So you've determined which polymer clay pasta machine you should buy. You've ordered it, waited patiently for its arrival, lovingly unpacked it, and decided that today is the day! Beautiful polymer clay creations are at your fingertips. There's nothing standing in your way...
...until your first sheet of clay comes out looking more like a mangled dog's breakfast than art! Yes, this is the frustration all too familiar to us polymer clay enthusiasts.
Unfortunately, polymer clay pasta machines can be a real pain in the neck if you’ve just started with polymer clay. They leave scratches, marks and smears or sometimes the clay just sticks to the rollers. In this article I’ll address rippling clay, parallel lines, crumbling clay and smears and smudges - some of the biggest problems when it comes to pasta machines for clay. In part 2 of this pasta machine series I’ll address some of the less common, but no less annoying problems.
Click here for a bullet point summary...
Parallel lines are caused when the gears in your pasta machine start to get out
of whack, usually because you’ve been shoving lumps of clay through your machine. Although I don’t experience this problem very often anymore, I used to,
way back with my first two polymer clay pasta machines. Eventually they both broke because I was far too rough with them. So be gentle with your machine.
If that ship has sailed and you already have parallel lines occurring there are a couple of things you can do.
At thinner settings the same whacky gears will cause your clay to ripple. I’ve experienced this problem many times and spent a lot of time and effort, only to have my project ruined at the final hurdle.
As mentioned above, prevention is best. Treat your polymer clay pasta machine gently. Don’t go jamming big lumps of clay through the rollers and your gear and roller alignment will last much longer. However, pasta machines for clay will begin to wear with use no matter how gently you treat them. The more you use the machine, the more the gears will wear and the more common rippling will become.
Tips and Tricks:
Rippling can also be caused by soft and sticky clay. Soft and sticky clay will ripple even if your pasta machine is brand new. Some polymer clay brands are softer than others and all of them will give trouble if you are working in a warm climate.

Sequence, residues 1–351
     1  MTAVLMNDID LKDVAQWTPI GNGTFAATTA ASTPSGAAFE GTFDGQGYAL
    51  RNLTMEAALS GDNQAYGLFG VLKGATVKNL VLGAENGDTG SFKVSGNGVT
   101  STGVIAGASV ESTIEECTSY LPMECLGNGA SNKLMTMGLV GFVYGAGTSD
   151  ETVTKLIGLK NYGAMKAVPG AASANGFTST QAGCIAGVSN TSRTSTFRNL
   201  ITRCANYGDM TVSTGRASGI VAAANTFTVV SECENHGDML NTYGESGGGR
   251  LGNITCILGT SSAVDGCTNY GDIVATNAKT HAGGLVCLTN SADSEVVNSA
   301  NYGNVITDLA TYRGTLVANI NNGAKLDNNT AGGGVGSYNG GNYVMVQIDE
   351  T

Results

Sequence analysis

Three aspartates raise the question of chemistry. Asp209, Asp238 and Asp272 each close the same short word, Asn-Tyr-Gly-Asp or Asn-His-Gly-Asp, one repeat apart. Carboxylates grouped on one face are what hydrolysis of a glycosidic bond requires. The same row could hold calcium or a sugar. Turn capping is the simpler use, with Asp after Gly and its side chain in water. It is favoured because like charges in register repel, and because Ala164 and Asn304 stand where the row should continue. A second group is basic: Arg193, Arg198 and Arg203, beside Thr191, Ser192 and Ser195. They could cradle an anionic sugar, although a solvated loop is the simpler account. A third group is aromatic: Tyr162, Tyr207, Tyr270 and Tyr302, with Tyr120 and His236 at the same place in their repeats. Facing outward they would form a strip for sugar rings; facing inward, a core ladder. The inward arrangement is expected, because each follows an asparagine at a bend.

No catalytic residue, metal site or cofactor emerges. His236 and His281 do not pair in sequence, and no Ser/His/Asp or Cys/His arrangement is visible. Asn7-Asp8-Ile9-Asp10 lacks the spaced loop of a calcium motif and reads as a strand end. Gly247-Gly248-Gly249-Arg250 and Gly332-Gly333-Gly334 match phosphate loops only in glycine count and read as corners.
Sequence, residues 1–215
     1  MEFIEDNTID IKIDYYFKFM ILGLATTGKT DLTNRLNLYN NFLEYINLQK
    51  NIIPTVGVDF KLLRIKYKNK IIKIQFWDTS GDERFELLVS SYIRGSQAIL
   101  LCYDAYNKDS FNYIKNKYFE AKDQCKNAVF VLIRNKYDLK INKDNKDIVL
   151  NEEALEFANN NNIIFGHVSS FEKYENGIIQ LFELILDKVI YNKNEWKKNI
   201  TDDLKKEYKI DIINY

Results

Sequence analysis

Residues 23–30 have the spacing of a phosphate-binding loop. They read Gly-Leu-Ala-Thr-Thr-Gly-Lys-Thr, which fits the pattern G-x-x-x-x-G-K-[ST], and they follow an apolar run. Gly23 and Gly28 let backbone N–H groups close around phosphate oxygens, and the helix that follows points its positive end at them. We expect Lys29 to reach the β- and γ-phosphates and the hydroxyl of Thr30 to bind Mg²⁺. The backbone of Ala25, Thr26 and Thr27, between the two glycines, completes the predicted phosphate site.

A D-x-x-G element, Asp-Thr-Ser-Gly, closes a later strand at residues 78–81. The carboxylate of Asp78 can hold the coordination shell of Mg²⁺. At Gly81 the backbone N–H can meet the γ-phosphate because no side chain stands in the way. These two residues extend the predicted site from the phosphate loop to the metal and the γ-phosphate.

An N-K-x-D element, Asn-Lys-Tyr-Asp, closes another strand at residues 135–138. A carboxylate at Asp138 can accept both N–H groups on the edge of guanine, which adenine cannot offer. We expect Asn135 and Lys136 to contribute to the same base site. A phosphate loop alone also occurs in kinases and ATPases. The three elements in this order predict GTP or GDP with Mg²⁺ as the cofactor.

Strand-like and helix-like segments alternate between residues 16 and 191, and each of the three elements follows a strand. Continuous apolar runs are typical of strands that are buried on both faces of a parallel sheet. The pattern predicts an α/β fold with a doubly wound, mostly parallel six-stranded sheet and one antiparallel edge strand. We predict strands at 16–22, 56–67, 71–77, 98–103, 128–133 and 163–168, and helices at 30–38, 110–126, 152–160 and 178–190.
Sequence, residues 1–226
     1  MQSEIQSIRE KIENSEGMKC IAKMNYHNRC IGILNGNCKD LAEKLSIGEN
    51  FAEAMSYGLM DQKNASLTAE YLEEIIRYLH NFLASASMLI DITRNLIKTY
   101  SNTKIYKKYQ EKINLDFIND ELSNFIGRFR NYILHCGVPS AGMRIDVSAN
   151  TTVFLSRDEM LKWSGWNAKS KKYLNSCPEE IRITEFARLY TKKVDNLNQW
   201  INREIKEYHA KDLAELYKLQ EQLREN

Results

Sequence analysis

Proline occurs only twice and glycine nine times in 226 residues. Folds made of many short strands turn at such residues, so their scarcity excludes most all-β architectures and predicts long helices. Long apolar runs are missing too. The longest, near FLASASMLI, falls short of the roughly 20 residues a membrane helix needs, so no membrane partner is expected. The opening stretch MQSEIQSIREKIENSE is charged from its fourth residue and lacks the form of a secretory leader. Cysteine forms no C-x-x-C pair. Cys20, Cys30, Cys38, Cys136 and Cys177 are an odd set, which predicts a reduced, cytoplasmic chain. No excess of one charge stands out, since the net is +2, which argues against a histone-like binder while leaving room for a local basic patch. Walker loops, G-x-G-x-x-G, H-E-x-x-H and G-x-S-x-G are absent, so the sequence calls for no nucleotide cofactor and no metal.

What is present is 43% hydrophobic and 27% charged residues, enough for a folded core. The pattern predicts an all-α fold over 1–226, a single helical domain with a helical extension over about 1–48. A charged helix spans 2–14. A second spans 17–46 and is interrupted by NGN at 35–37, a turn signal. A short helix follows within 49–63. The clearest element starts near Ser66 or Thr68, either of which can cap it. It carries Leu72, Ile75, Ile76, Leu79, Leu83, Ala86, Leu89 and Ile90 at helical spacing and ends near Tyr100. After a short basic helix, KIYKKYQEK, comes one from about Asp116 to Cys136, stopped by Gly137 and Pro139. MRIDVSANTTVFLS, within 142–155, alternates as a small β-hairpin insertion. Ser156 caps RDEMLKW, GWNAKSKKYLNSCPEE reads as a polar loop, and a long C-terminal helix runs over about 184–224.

Tips and Tricks:
See my tutorial: How to Prevent Pasta Machine Ripples, for more ideas.
Crumbling polymer clay was another problem I encountered when I had my first polymer clay pasta machine. At this time I was using Kato. Now I know that Kato is a firmer clay then most other polymer clay brands, but that wasn’t the cause of the problem. It was me trying to jam lumps of clay through the pasta machine. This of course led to me having a pile of crumbs and a damaged machine.
Tips and Tricks:
The third biggest problem I had when I first got my pasta machine was all the smudges I got on my clay. By the time I’d finished conditioning my white, it was more of a grey. This was because I didn’t know I had to clean my machine or how to do it.
As your polymer clay goes through the rollers on the machine, it gets stuck up against the blades underneath, and over time a layer of dirty, yucky clay builds up on the blades and bleeds off onto the clay you are rolling through. In the past, cleaning the blades was as simple as removing them and giving them a good wipe. However, all but the most expensive machines are now made with fixed, plastic blades which cannot be removed for cleaning. This does make life a bit of a challenge but there are still a few ways to get your machine fairly clean.
How To Clean Your Polymer Clay Pasta Machine:
By doing this regularly, you’ll keep your
pasta machine in good shape and it’ll stop those pesky dark smudges. See my tutorial: How To Clean Your Polymer Clay Pasta Machine for more information.
Hand rolling these clays using an acrylic roller and playing cards or acrylic spacers is a much better idea.
(If you can find an old machine with removable blades at a garage sale or something, snatch it up. You will be the envy of all your polymer clay friends! The rest of us have to pay big bucks to get this feature on our machines!)
So in summary, there are a few polymer clay pasta machine techniques that will alleviate most of your problems:
That’s all the major problems I’ve had with my pasta machine and the solutions that I’ve found to work. Part 2 of this series deals with some other less common problems with polymer clay
pasta machines, like handles falling out and clay sticking to rollers.
Be sure to check that out.
I do hope that this article will help to alleviate some of the frustration surrounding your pasta machine. If you enjoyed it please like and share or leave me a comment.
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